Plenty of growers who use HPS lights for the most part during their marijuana growing season will also add an LED light or two to ensure that their flowering marijuana plants are getting all of the light that is possible and that the end result will be potent and delicious. This is particularly a good idea in the last few weeks before harvesting.
Gentleness is important
It may seem like a minute detail, but being gentle with your plants consistently can work wonders for the final potency, aroma, and taste. The temptation is, of course, to reach out and begin touching all the buds that are surrounding you on your plants in your garden. But you must not do that because it destroys terpenes, and therefore has an adverse effect on your buds’ aroma.
Drying and curing
Plenty of growers will tell you the same: the way you dry and cure your marijuana will determine a lot more about its potency and flavor than the actual growing that you did with these marijuana plants. Once you have obtained the plant matter, you will need to hang it upside down for a minimum of one week — preferably ten days.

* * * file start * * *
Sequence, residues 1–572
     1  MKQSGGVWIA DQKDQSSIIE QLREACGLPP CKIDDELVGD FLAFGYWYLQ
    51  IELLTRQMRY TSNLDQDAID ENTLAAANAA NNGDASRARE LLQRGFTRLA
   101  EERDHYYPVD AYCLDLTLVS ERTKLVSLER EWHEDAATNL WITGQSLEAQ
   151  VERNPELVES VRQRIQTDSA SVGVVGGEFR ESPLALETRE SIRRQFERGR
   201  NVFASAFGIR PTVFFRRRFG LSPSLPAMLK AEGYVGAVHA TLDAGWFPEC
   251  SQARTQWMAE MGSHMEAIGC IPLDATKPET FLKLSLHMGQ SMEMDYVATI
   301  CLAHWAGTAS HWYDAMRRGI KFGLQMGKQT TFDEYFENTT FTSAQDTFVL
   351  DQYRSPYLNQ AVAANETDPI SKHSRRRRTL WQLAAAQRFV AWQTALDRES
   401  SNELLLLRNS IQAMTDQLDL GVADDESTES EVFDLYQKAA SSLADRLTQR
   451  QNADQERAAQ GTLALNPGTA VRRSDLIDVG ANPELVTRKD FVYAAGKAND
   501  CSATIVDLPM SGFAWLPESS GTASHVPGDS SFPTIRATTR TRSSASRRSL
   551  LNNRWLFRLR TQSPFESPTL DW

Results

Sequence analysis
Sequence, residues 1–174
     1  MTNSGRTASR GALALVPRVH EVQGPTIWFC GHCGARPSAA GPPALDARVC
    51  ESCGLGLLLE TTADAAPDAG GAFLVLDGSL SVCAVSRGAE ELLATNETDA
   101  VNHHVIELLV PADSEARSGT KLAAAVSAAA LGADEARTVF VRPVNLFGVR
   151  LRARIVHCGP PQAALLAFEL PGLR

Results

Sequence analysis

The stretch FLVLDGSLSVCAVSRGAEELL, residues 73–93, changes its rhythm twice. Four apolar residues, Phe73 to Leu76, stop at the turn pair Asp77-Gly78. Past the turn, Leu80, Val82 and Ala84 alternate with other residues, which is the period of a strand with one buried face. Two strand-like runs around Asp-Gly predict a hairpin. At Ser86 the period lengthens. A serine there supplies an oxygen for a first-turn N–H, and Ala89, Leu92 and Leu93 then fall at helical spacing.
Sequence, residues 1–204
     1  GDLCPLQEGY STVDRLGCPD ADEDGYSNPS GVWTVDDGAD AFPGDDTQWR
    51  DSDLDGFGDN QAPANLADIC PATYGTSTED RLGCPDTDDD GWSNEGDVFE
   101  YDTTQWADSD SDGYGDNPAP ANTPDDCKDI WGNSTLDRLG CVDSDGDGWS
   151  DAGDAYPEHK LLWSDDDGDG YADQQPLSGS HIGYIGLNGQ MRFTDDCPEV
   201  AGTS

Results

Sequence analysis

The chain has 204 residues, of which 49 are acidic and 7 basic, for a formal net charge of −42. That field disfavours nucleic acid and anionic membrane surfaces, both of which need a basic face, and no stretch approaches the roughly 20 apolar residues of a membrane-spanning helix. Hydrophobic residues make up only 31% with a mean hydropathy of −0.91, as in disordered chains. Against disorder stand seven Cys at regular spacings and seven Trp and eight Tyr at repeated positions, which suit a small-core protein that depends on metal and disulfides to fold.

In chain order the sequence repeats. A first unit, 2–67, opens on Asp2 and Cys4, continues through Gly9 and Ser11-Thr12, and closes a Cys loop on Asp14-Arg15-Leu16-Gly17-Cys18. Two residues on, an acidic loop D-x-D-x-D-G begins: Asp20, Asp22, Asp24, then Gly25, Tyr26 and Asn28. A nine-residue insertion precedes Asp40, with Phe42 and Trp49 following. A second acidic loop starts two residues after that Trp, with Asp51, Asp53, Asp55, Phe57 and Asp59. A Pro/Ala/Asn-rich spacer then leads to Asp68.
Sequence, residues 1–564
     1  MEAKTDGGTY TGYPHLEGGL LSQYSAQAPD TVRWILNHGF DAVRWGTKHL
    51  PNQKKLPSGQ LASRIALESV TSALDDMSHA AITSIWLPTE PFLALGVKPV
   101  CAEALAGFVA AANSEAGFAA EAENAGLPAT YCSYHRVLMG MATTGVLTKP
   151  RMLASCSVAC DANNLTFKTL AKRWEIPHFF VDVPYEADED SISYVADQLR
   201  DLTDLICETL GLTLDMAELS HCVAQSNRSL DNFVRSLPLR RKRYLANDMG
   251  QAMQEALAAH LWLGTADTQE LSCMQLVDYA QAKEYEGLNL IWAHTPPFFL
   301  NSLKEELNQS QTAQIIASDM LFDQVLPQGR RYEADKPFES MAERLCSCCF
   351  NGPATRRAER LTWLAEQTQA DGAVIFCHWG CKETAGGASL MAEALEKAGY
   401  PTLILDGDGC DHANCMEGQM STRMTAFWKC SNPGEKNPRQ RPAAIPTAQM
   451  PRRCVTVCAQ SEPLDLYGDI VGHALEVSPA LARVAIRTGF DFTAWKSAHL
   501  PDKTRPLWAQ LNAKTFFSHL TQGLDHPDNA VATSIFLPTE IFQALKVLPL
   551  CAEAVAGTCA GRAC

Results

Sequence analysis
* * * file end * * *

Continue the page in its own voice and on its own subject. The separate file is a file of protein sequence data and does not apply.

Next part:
Depending on your climate, you may be living in a place where things dry extremely quickly. Marijuana is no exception, and this also does not bode well for you if you live in such a place — you need to dry the marijuana slowly, over a longer period of time.
For that reason, if you already know that your plant matter will be at risk for drying too quickly, you should not remove or trim the leaves around and on the buds so that they actually dry more slowly, given the extra layers of moist plant matter. Of course, come mentally prepared with some patience because handling the leaves on the buds after they have already dried is a huge pain.
Before you begin to cure your buds, there are a few key things to remember. First, remember that your dried product should not be perfectly dry. It will need a certain amount of moisture to cure properly. You can rest assured knowing that the jarring (curing) time has come when the plant matter that has been hanging upside down feels dry to the touch on the outside of it.
Whatever you do, don’t try to speed up the drying process. This will lead to disappointment reaching you faster rather than you simply being patient to begin with. If you feel some dampness on the outside of the buds, the time to cure has not yet come. If you did attempt to cure the marijuana at this point, then certainly mold and other contaminants could develop, causing the product to eventually taste and smell awful.